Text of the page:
The majority of sweeteners are far from harmless! Aspartame, Equal, sucralose, Splenda and saccharin are all linked to increased risks of kidney disease, metabolic dysfunction, diabetes and obesity. It may be tempting to use these sweeteners thinking that it can help you lose weight while still eating sweet treats, but, if you value your health, steer clear of these dietary pitfalls!
Where does this leave you when you need something sweet? Here are three natural options that will satisfy your sweet tooth and won’t negatively affect your health and cause weight gain.
Stevia is about three hundred times sweeter than sugar but without the caloric content.
Stevia reduces blood sugar and blood pressure, combats infections, and reduces the risk of diabetes. One study even found that consuming stevia was as effective as a popular oral anti diabetic drug, but with fewer side effects.
In 2012, Nutrition and Cancer highlighted a study that has connected stevia consumption to breast cancer reduction.
The journal Food Chemistry published a study out of Croatia showing that when stevia is added to natural colon cancer killing mixtures, such as blackberry leaf, antioxidant levels soar. Together, these studies show stevia’s potential as a natural cancer treatment.
Raw honey is rich in phytonutrients, and is renowned for having powerful anti-oxidative and anti-inflammatory properties.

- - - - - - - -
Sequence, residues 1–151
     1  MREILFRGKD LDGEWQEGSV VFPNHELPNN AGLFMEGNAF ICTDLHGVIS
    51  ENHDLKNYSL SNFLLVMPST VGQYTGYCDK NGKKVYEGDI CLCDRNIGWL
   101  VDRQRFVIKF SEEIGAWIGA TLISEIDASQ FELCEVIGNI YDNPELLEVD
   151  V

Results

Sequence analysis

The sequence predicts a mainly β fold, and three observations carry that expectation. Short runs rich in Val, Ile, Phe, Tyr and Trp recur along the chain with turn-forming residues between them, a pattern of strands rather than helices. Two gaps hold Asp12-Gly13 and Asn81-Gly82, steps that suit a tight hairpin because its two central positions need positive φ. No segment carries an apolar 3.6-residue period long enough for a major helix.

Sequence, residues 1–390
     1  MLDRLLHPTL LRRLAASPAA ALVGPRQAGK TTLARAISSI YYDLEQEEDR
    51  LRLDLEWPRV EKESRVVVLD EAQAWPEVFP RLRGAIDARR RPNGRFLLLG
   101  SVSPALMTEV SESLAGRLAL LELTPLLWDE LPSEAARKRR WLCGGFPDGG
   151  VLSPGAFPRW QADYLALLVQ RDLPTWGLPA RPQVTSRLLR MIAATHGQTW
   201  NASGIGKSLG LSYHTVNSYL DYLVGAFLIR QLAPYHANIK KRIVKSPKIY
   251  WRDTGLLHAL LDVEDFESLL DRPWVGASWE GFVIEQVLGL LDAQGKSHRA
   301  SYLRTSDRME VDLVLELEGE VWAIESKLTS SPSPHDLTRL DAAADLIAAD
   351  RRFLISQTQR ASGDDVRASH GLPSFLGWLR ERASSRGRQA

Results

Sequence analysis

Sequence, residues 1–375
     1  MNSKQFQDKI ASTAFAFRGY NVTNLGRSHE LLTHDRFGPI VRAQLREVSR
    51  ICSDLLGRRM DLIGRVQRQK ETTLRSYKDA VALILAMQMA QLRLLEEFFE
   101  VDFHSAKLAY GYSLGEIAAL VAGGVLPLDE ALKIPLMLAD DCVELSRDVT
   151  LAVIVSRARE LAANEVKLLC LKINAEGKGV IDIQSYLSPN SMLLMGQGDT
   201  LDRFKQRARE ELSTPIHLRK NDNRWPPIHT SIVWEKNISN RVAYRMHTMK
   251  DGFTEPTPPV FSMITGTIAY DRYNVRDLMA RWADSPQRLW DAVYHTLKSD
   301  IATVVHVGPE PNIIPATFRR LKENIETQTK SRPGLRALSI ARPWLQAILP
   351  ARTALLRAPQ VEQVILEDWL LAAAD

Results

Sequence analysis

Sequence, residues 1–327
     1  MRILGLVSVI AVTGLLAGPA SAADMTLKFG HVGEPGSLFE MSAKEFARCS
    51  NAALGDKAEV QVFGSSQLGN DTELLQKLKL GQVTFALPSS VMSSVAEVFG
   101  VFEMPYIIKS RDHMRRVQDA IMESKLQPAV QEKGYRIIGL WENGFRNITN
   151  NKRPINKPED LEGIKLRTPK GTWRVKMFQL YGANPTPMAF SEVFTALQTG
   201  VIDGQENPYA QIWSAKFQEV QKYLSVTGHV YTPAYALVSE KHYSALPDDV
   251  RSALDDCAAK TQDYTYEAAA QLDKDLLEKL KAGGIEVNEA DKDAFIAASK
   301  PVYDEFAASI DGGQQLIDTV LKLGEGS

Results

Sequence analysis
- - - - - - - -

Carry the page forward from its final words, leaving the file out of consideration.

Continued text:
Nearly all commercially-produced honey is heated to kill potentially harmful bacteria, reduce crystallization, and improve product flow. Unfortunately, this process also kills the vital, living enzymes and good bacteria which make raw honey one of the world’s oldest-known superfoods. The bacteria in raw honey serves as a prebiotic: a substance containing helpful microorganisms that aid in the process of digestion. When consumed raw, honey’s natural enzymes aid in the breakdown and assimilation of the many nutrients it contains.
Raw honey is also rich in powerful antioxidants called phenolic compounds, known to play an important role in cancer prevention. These compounds found in honey have also shown promise in reducing arterial blockages and lowering overall risks associated with cardiovascular disease.
What sets molasses apart from cane sugar, is its high nutritional value. In comparison to sugar, a 3.5 oz serving of blackstrap molasses contains more than a quarter of your daily supply of minerals such as iron, magnesium, potassium, manganese, B vitamins and it is also high in antioxidant content.
Being rich in minerals and vitamins, molasses plays a vital role in maintaining healthy blood and bones. This makes molasses a great alternative to non-nutritive sweeteners for pregnant or nursing women, or women who are trying to become pregnant. It also makes a great dietary supplement for anybody who is at risk of developing osteoporosis. Polyphenols, the plant compounds that imbue antioxidant properties, are abundant in molasses, and have been recognised for having anti-cancer properties in clinical studies.
These three, natural healthy alternatives to sugar prove that craving sweetness doesn’t have to promote weight gain, or lead to blood sugar imbalances.
White JW. Composition of honey. In: Crane E, editor. Honey, a comprehensive survey. London: Bee research Association and Chalfont St Peter; 1975. pp. 157–206.